Published December 06, 2012
HSBC (HBC) could reportedly be slapped with a $1.8 billion fine from the U.S. to settle charges that Europe’s largest bank turned a blind eye to money laundering by Iran, drug lords and terrorists.
According to Reuters, London-based HSBC could reach a deal on the money-laundering lapses as soon as next week and any agreement will likely involve the company entering into a deferred prosecution agreement with federal prosecutors.
A $1.8 billion fine would trump the $1.5 billion HSBC set aside earlier this year to pay for a potential settlement.
HSBC declined to comment on the report.
A settlement could signal how strongly the U.S. plans to fight apparent money-laundering failures by banks with U.S. operations.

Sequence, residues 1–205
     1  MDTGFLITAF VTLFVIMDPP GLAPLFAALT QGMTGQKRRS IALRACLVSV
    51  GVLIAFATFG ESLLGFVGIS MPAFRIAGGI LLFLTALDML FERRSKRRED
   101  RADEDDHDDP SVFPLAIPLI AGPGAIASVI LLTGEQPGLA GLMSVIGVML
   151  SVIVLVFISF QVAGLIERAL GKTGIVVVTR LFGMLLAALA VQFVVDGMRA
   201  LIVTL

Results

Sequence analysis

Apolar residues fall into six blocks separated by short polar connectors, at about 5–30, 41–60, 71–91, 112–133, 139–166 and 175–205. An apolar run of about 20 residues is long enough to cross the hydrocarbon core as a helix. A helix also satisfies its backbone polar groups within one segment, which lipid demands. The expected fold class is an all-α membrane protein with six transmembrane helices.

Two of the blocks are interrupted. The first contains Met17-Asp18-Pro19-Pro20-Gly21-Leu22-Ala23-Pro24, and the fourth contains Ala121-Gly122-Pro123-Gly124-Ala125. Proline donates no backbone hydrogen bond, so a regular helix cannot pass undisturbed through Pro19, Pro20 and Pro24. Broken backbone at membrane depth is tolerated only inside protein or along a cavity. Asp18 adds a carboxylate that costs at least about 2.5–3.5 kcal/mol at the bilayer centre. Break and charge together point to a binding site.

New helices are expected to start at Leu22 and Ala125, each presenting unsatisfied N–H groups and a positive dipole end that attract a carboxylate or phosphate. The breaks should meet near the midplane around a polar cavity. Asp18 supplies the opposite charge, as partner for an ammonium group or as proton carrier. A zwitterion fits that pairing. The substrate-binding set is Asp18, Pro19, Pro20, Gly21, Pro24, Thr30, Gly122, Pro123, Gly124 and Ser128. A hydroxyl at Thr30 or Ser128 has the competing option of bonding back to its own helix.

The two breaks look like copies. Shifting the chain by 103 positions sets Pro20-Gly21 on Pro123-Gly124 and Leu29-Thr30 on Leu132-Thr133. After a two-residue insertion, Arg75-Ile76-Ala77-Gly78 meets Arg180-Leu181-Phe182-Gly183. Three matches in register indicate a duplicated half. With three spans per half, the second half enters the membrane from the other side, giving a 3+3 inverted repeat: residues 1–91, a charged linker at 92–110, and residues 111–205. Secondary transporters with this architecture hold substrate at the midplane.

Typically deferred prosecution agreements call for the company to fix their compliance systems and pay a fine in exchange for no indictments being brought for the time being.
A U.S. Senate panel accused HSBC in July of giving Mexican drug cartel members, sanctioned countries like Iran and Sudan and apparent terrorists access to the U.S. financial system.
“We apologize for our past mistakes in relation to anti-money laundering controls, and it is a priority for senior management to build on steps already taken to manage risk and ensure compliance more effectively,” HSBC CEO Stuart Gulliver said in a statement at the time.
U.S.-listed shares of HSBC had little response to the news, trading up 0.04% to $51.89 Thursday morning. The stock has rallied about 36% so far this year.